With its large student population and long-term reputation as a magnet for creatives, Brighton & Hove has had little trouble attracting tech and creative talent, despite its surprisingly poor record on download speeds.


Brighton & Hove is a popular area in the south to live outside London - Source: Flickr/Garry Knight/Creative Commons

A report published last month by consumer group Which? and independent mobile coverage signal analyst OpenSignal, found that among the UK’s 20 largest urban areas Brighton currently has the slowest 4G download speeds in the country. Clocking in at 17.6mbps, it would take a business 10 seconds longer per 500MB to download data in Brighton than in Derby.

This would usually be a big swing factor for potential office occupiers, especially those in the TMT or co-working sectors. But, as Property Week’s Hot 100 Office Index 2017 revealed, Brighton now ranks as the hottest potential UK office market outside London. The download speed is also likely to improve rapidly in the near future. In March, it was announced that a 5G testbed was to be launched in the city ahead of a nationwide rollout from 2020.

Industry expert Philip Mason, from Land Mobile, explains why 5G will make such a difference. “5G will be much, much faster than 4G, making 4G and even high-speed fibre broadband seem sluggish,” he says.

“A minimum expectation is for download speeds of 10gbps, more than a thousand times faster than 4G and enabling an entire HD film to be downloaded in less than 10 seconds. That compares with a similar number of minutes for 4G, which is contingent on having peak rates for the entire download and that is very rarely the case, especially in cities like Brighton.”

The introduction of 5G isn’t just a draw for desk-bound office workers. Mason says that it can also support the development of “place-based technologies such as driverless cars and connected smart cities”.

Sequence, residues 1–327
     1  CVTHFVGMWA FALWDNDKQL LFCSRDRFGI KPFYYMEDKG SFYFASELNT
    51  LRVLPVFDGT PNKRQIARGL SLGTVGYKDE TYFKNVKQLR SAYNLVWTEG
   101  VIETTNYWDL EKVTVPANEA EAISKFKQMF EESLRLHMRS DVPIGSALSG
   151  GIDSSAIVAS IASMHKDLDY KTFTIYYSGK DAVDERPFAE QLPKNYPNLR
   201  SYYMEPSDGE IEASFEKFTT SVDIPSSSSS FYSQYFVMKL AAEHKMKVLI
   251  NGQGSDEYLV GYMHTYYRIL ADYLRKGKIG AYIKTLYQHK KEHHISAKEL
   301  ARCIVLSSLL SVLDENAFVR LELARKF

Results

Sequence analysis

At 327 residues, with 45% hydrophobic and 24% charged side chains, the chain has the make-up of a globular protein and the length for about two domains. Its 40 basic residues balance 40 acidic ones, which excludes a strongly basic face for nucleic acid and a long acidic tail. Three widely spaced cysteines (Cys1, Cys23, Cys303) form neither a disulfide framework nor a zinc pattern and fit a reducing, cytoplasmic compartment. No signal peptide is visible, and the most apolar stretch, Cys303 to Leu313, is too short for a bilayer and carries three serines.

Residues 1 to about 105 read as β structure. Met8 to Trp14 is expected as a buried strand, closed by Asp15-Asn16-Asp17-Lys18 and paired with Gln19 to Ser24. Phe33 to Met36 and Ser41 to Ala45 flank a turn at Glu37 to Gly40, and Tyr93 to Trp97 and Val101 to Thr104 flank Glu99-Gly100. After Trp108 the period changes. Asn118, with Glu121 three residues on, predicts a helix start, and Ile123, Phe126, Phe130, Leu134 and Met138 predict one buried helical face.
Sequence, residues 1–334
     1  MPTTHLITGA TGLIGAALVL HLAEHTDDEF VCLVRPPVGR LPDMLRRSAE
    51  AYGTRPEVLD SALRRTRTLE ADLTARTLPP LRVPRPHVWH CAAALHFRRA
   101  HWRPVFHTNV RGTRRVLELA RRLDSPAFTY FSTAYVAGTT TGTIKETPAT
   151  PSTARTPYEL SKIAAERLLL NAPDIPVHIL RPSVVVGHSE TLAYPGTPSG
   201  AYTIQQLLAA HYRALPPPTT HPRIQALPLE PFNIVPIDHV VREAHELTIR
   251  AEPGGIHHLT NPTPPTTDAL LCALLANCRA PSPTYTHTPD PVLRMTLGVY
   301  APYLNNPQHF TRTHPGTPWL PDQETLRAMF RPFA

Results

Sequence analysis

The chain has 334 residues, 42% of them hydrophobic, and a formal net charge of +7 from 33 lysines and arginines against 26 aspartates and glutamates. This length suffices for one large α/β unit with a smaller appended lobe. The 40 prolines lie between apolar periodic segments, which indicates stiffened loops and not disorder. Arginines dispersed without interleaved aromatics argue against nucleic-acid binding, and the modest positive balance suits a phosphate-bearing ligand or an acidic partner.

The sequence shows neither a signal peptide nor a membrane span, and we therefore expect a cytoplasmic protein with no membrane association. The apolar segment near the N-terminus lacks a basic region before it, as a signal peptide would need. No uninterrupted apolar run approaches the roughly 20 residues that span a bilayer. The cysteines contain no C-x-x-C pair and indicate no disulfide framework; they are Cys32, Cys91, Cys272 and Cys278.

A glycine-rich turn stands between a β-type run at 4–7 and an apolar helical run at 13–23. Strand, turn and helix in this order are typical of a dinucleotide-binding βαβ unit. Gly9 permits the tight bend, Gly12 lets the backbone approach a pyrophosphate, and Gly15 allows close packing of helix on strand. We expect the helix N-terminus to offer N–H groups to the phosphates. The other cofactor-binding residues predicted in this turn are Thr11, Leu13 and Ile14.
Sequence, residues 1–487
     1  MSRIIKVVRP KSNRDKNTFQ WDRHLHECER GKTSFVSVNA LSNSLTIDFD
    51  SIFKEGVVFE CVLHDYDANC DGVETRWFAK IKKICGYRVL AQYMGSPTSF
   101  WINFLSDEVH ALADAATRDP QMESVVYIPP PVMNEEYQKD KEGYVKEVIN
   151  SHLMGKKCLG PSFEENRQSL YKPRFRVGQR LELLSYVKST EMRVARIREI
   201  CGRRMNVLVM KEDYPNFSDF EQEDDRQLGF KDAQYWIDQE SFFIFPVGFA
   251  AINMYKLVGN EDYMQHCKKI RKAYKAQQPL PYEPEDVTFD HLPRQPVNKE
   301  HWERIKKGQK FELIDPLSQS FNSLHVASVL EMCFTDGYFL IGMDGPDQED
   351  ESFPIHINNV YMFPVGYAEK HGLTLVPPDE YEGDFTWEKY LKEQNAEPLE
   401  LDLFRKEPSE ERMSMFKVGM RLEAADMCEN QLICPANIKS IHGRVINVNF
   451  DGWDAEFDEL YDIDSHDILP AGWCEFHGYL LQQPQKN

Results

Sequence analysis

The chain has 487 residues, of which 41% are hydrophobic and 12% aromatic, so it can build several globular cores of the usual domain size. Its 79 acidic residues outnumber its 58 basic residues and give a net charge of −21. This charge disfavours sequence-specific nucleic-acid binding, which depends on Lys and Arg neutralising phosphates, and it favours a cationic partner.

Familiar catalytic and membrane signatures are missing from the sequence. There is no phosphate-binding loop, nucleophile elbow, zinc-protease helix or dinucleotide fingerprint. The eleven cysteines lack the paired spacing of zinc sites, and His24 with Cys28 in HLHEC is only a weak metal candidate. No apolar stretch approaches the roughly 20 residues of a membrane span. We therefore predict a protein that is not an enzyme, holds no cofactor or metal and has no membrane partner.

Being the first city to commit to 5G is not without risk. Tim Cull, head of business radio at the Federation of Communication Services, says: “The 5G story is complicated because it could be a very expensive solution for a problem that may or may not exist. If you put base stations all over the place, which they’ll have to do because the frequency at which 5G works is so high, you’re going to have to think seriously about cost.”

It’s a gamble that may be worth taking for Brighton, especially given the competitive nature of the M23/outer M25 market highlighted in a recent report from Knight Frank. “The region has a broad base of occupiers of all sizes and drawn from all industry sectors but with an increasing slant towards TMT thanks to the high-end amenities and [Southern Rail-dependent] great transport connections,” says national offices associate Jack Riley.

“But with tight geography and a constrained development pipeline, the competition is strong between the distinct clusters you see in the region. The more mobile and flexible businesses will always be attracted by potential advantages such as first-mover 5G connectivity.”

Testing times

The testbed, backed by the University of Brighton, has initially been set up within the Fusebox innovation hub in New England House near Brighton station, but will eventually expand to cover a wider test area. The project will give digital businesses the opportunity to understand how their existing products operate under 5G conditions. They will also be supported to develop new ideas that benefit from the significantly faster and more reliable connections that 5G can provide.